A recent survey conducted by the Society of Fire Protection Engineers found that Americans misjudge fire risks. The survey revealed that "70% of Americans feel safer from fire at home than in a commercial high-rise building.”
It is truly ironic that where people feel safest, in their homes, is where the majority of fire deaths occur. Consider this; US fire departments responded to an estimated 362,500 home structure fires in 2009. These fires caused:
- 2,565 civilian fire deaths
- 12,600 civilian fire injuries
- $7.6 billion in direct damage
Roughly 85% of all civilian fire deaths in 2009 resulted from home structure fires. Nationwide, once every three hours someone is fatally injured in a home fire.
Life safety educators have been feverishly working to teach the public about home fire risk and fire safety for many years with limited results. One would ask; why haven’t we succeeded in changing people’s perception of home fire death risk? One reason is that it is very difficult to combat erroneous perceptions, specially in the adult. Another reason is that education is only one of the components of community risk reduction. Reducing community risk requires the three E’s: Engineering, Education and Enforcement.
The engineering and enforcement part of the equation comes from inclusion of new technologies in model codes and the adoption of these as mandatory requirements. All model codes now include fire sprinklers in all new home construction. It is now up to states and local jurisdictions to adopt these requirements in order to reduce community risk.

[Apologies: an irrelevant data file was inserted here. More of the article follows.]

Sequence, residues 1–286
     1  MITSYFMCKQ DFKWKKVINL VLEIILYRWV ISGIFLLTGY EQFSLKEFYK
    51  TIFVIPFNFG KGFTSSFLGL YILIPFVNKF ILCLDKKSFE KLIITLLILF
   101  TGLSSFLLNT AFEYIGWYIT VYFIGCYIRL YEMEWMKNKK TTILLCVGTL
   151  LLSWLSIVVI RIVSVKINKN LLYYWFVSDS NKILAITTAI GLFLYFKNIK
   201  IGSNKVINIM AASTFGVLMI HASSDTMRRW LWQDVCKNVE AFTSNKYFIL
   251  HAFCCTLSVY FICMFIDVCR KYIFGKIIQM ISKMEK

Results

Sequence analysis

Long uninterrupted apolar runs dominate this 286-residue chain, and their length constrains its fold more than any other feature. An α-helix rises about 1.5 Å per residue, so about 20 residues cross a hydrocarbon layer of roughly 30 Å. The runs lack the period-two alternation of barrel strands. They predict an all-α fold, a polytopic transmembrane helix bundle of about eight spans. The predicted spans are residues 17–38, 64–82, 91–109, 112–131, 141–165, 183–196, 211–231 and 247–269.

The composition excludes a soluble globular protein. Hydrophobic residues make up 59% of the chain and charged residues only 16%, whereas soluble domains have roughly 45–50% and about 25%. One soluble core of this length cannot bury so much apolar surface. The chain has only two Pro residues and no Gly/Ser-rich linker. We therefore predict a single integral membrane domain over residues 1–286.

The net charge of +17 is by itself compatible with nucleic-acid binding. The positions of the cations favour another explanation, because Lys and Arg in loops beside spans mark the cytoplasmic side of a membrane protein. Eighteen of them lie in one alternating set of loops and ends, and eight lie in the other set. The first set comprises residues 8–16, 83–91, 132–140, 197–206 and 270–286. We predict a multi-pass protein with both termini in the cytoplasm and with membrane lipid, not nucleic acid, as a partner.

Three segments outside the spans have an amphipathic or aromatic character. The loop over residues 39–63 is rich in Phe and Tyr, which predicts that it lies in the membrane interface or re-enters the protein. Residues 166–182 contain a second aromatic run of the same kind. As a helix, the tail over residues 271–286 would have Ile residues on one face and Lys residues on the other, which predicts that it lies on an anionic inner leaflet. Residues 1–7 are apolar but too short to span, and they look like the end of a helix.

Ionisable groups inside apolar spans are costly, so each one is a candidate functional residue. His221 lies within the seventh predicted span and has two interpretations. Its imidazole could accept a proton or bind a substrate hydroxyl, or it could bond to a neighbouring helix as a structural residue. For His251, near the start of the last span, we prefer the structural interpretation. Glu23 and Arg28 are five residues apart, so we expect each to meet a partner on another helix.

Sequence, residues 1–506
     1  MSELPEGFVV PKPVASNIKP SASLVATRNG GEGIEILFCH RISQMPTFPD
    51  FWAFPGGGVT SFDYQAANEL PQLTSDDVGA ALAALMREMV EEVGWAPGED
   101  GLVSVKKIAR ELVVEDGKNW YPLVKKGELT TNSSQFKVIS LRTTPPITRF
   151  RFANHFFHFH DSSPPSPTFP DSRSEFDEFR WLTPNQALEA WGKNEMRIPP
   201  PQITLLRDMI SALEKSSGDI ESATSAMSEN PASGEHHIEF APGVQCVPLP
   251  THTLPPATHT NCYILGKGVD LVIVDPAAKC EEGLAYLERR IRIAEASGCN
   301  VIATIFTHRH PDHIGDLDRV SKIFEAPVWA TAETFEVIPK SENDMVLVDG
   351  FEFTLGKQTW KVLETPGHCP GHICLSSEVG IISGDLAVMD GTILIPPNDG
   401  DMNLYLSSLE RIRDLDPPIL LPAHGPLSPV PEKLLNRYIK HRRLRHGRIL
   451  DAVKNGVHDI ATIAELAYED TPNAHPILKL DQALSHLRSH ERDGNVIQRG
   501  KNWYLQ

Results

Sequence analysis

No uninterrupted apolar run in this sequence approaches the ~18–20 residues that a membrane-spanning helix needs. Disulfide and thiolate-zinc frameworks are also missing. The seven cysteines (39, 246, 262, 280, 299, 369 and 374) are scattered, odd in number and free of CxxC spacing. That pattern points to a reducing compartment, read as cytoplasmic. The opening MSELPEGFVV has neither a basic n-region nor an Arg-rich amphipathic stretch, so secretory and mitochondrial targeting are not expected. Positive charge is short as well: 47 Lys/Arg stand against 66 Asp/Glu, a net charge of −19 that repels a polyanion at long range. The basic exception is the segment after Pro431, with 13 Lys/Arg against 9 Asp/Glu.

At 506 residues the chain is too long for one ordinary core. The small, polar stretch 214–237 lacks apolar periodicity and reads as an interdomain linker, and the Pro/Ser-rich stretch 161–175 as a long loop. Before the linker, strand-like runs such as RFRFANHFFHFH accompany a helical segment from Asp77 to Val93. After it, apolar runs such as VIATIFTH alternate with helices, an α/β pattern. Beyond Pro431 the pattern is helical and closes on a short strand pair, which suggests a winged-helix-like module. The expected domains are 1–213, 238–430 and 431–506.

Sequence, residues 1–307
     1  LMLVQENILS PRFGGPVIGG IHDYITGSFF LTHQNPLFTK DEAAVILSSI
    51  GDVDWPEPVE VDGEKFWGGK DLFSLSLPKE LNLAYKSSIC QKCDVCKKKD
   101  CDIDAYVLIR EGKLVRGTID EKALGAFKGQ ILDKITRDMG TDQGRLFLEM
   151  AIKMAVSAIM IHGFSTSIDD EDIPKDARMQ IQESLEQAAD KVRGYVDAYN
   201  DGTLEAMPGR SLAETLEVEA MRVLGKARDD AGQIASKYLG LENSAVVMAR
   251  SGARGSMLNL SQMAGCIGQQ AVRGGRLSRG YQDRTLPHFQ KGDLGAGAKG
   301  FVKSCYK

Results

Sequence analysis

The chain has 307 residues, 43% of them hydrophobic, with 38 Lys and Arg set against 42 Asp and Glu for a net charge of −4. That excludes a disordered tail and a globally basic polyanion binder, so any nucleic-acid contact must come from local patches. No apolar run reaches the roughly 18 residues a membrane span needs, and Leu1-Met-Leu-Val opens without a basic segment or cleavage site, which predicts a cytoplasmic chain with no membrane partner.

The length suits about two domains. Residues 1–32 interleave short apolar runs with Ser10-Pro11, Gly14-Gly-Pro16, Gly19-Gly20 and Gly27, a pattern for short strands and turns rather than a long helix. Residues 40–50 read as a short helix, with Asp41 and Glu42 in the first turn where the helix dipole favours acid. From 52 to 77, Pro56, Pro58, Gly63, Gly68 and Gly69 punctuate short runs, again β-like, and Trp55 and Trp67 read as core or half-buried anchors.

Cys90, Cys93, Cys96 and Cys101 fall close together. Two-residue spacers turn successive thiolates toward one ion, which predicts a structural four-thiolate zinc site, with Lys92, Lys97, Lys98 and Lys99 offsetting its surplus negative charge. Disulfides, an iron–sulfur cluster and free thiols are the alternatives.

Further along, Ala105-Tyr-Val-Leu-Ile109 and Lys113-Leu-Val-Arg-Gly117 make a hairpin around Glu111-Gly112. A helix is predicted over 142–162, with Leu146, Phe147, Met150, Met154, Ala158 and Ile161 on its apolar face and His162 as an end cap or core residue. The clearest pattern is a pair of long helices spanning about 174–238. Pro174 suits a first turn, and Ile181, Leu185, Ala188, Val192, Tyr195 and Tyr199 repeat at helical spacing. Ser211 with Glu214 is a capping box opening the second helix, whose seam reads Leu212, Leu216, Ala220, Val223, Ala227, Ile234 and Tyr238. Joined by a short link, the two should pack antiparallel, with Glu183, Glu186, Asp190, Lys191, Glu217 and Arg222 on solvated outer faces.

Fire deaths were significantly reduced with the inclusion of hard wired smoke alarms in the model codes and applied to all new home construction. Smoke alarms have done a good job providing early warning, but they do nothing to control or extinguish the fire. Perhaps this is the reason that we have reached a plateau, roughly since 2001, and there is still an average of 3,000 home fire deaths per year in the U.S.
Opponents of home fire sprinkler requirements believe that home buyers should be given the choice to include fire sprinklers in their new homes. This argument is wrong on many levels, one of which is that the only consumer able to make such a choice is the buyer of a new custom built home. Buyers of "spec homes" or subsequent buyers will have no say in the matter. Based on the results of the SFPE survey, it is logical to summise that 70% would say they don’t want them, because they don’t think that they need them.
US consumers cannot not be expected to make choices about life safety requirements in their homes any more than they are expected to make those choices in any other product that they purchase. As demonstrated by the SFPE survey the average person cannot fully appreciate the risk of fire death; or may be in denial.
The fact is that it is the responsibility of policy makers and other safety professionals to ensure that people are protected in their homes by the adoption of model codes which contain “minimum standards” of safety, and to advocate effectively for them. This includes the home fire sprinkler requirement in all new home construction.
Look around this site and the Home Fire Sprinkler Coalition website to find the vast amount of resources available, at no cost.